Payne, J. L. (1999, Jan. 1). Why the war on poverty failed: Handouts provide the wrong incentives. The Freeman. Available at http://www.fee.org/the_freeman/detail/why-the-war-on-poverty-failed#ixzz2lglizcHV.
Pollard, K., & Jacobsen, L. A. (2013, Feb.). The Appalachian region: A data overview from the 2007-2011 American Community Survey. Washington, D.C.: Appalachian Regional Commission. Available at http://www.arc.gov/assets/research_reports/PRBDataOverviewReport2007-2011.pdf (PDF, 6MB)
James L. Werth, Jr., PhD, ABPP, received his PhD in counseling psychology from Auburn University and his Master of Legal Studies from the University of Nebraska - Lincoln. He was the American Psychological Association’s 1999-2000 HIV congressional policy fellow where he worked in the office of Sen. Ron Wyden (D-OR) on HIV, aging and end-of-life issues. Until recently, he served as the founding director of the Radford University PsyD program in counseling psychology. He now is the Behavioral Health and Wellness Services Director for Stone Mountain Health Services, a federally qualified heath center serving the Westernmost counties of Virginia; the organization’s service area includes the three poorest and least healthy counties in the Commonwealth. He is a licensed psychologist who, for many years, provided pro bono counseling services to people with chronic and terminal illnesses.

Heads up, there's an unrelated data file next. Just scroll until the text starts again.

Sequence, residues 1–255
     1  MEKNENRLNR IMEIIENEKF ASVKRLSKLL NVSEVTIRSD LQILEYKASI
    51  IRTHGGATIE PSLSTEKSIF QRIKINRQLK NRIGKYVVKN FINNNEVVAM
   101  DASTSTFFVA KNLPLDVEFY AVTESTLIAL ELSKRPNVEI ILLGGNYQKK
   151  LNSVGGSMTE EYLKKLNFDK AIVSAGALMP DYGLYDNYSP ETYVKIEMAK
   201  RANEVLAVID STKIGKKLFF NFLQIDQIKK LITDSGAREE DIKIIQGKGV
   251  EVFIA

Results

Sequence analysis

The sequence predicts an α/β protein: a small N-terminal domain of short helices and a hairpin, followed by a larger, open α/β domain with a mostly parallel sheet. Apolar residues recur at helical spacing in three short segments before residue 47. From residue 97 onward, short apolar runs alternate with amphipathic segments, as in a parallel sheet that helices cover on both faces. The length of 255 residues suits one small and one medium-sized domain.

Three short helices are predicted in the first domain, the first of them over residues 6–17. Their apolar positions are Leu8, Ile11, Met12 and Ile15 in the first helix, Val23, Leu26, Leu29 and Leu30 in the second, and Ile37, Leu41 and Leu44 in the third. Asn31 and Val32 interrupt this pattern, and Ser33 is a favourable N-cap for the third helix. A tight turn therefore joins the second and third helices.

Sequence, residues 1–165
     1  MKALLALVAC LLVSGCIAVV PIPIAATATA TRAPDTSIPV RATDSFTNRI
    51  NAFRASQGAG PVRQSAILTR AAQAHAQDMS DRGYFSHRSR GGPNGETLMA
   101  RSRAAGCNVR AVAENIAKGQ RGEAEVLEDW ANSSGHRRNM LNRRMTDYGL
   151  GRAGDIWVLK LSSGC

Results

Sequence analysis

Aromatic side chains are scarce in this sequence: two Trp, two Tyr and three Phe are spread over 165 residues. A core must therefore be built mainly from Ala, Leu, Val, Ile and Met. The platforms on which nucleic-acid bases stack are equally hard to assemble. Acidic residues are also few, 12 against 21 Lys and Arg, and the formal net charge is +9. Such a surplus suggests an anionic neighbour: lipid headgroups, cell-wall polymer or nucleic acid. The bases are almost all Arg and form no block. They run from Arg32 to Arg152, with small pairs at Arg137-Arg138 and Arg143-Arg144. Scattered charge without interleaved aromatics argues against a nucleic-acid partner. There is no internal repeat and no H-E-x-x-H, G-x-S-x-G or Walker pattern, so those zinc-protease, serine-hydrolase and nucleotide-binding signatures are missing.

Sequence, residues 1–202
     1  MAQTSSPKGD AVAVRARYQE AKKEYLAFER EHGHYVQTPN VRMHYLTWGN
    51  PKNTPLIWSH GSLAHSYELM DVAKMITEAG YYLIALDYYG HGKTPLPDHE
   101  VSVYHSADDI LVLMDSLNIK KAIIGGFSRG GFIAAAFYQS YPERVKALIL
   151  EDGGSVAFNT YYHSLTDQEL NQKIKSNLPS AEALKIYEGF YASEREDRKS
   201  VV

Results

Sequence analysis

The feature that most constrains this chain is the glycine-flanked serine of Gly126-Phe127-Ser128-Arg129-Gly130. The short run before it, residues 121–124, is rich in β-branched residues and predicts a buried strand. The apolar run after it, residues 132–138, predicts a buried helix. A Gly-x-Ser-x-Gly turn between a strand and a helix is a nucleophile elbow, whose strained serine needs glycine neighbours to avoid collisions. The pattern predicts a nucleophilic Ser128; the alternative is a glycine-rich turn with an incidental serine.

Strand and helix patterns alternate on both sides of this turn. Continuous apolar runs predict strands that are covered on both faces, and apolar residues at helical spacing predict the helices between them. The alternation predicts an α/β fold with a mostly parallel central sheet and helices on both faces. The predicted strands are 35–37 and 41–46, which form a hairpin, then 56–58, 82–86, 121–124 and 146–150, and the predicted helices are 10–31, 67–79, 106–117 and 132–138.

Werth is the new Editor of the Journal of Rural Mental Health, which is published by the APA. He is beginning his third year on the APA’s Committee on Disability Issues in Psychology after completing a three-year term on the Committee on Rural Health. Previously, he served on the APA’s Ad Hoc Committee on Legal Issues and on all of the APA’s end-of-life working groups. He is the Rural Health Coordinator for the Virginia Psychological Association and serves as chair of the VPA Ethics Committee. His scholarship focuses on ethical issues, rural practice, social justice and providing mental health services to people who are dying and their loved ones.